At first I was keeping tabs of the things I wanted to quote back at you and point out the genius of, but then I lost track, so this is just going to have to be considered an all-encompassing declaration of your general genius.
Oh, and it's pretty much the coolest thing ever to read a slashy story that's set here in Ireland :)

And satisfy my curiosity, will you? How on Earth do you manage to write so much? I mean, I'm lucky if I can stretch a narrative out to a thousand words, but you seem to have this endless flow of prose in you that's really quite impressive.
every Starbucks should have a polar bear: Chatting ballerinasscoradh on September 6th, 2006 08:24 pm (UTC)
... Mmm, I was gonna suggest that you check out the_dystopian, but her stuff is pretty hardcore. There is a comm for writing original slash that's apparently quite good (I've never got around to checking out because yeah, fanfic). I can look up the name if you're interested.

I've tried setting things in England and failing so many times ... and then I tried a really Corkonian one and that failed too. So this is just a general Irish-y town. Probably Clonmel, actually. :P

I guess the honest-but-cheeky reply to that is: How do you (or anyone) write so little? I've always been horribly verbose. I have to keep myself in check when I start writing so that I don't wander so far off track that I lose sight of what the plot was in the first place. I once wrote a paragraph about ants in an essay about school uniforms. Why? My teacher sure couldn't figure it out.

[le shrug] Also, I can see things pretty clearly in my mind when I'm in the writing zone. The words, especially the dialogue, just appear in my head and all I need to do is write them down.

Unfortunately I'm in the writing zone less than 10% of my writing time, so ... :|

/ramble

(no subject) - celerywench on January 2nd, 2010 12:39 pm (UTC) (Expand)
(no subject) - scoradh on January 2nd, 2010 03:36 pm (UTC) (Expand)
Kat: moony - golden eyed by celestialsodakyasuriin on September 6th, 2006 08:23 pm (UTC)

ah this was amazing. I liked how you held out the backstory until later which explained why Tim wasn't incredibly surprised when Noel came onto him (or why Noel was fairly confident, or at least not terrified of rejection). I loved the characterisations & the details and turns of phrases, like always. You're an amazing writer and I hope you can get this published, it's certainly good enough. (and it made me tear up a little when Tim had his late night visitor... too sweet, the two of them). Thanks for the lovely read.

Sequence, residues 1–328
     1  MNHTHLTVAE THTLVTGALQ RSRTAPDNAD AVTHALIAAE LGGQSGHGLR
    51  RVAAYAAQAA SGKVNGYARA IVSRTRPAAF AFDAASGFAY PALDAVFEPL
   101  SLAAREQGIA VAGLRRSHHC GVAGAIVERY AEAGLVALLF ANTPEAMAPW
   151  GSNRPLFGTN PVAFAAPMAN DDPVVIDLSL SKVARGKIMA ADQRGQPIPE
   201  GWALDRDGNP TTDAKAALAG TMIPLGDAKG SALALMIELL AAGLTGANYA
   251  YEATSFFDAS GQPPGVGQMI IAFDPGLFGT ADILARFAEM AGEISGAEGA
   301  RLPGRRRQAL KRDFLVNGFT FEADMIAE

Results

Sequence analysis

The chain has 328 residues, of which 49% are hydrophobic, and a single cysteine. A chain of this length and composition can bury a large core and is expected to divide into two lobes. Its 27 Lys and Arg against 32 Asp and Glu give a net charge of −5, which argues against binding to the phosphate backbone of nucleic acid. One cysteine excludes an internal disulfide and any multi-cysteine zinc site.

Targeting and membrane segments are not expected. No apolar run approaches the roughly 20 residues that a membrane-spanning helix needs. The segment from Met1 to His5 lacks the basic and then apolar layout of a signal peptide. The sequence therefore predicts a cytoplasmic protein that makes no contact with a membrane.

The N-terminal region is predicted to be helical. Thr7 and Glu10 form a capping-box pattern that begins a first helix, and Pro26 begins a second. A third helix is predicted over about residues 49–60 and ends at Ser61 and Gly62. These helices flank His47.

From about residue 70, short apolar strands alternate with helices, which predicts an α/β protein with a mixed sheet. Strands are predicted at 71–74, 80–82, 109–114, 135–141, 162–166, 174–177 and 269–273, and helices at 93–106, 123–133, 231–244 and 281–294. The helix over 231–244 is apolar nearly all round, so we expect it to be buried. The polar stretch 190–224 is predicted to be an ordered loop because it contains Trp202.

every Starbucks should have a polar bear: Pornscoradh on September 6th, 2006 08:28 pm (UTC)
Thank you! I was a bit afraid that the whole set-up was rather hackneyed, but I suppose it's still possible to find enjoyment in cliches and whatnot.

I hope you can get this published,

[amused] Unlikely, for several reasons, but I'm highly flattered.


Remus Buttplug Face: pretty gay marklazy_daze on September 6th, 2006 09:05 pm (UTC)
kdhglakdgh;akdgh;akdhg;akdghadkg

I love this more than I can even articulate. You wonderful wonderful lovely genius person you. sdlfjghsldjghsldjhgljd THESE BOYS. THEY ARE SO. GAH.
every Starbucks should have a polar bear: Pointy legscoradh on September 6th, 2006 09:08 pm (UTC)
:D

I still can't believe I called one of them Tim, though.
(Deleted comment)
every Starbucks should have a polar bear: Girl facescoradh on September 8th, 2006 09:22 pm (UTC)
It's the only explanation for the sheer volume of fics you've produced recently.

A lot of time on my hands that will shortly be curtailed by college, driving me to new heights of desperation -- more like. It's not that I was ever unable to produce 5000 words a day, it's just that most HP fics need to be four times that and I usually lose interest. PoT is freeing that way.

The protein line alone had me squeaking in horrified amusement.

It's true, though! Did it in physiology. :D

I'm especially glad you approve, being a boy-person and all. I often wonder if my dialogue isn't hopelessly girly, but if you can enjoy it then it can't be all that bad. (I hope).

In conclusion: LOVE.
jehnt: sw - jedijehnt on September 6th, 2006 11:44 pm (UTC)
take this entire post and multiply it by like ten hundred and maybe then you'll get what i mean
HOLY FUCKING HELL.

I LOVE YOU. SERIOUSLY. A LOT. OH MY GOD.

MORE LIKE THIS, PLEASE.

I read the entire first part of this thing with my three suitemates also in the room (because I didn't even read the summary paragraph, I was so excited to start reading), hoping that they wouldn't look over and catch a sentence about cocks or wonder why I was grinning manically at the monitor. I really should have just waited until I was done in here and read it on my laptop, but I had already waited a while because I had to STUDY, and I just COULDN'T BEAR waiting any longer.

Just. I don't even know. I enjoyed this thoroughly. That's such an incredible understatement that it's ridiculous. You're officially a fandom of mine, for serious. Right in my fandom bookmarks, between "narnia" and "sga." And the bookmarks, they speak the truth. If you are ever inclined to post original fiction again, I encourage you to do so.

I liked almost everything about this story (and the things I didn't like were, like, Bosworth, that one bitch teacher, Noel's passivity with regard to Tim getting beaten up, etc, hah). The characterization was great. You mentioned that you thought the set-up was cliched, and maybe it was, but your execution of it was excellent (and that's all that really matters, anyway). As always, I found myself reading your descriptions and going OMG WHY DON'T I WRITE LIKE THAT!?? and I suppose that's a good thing.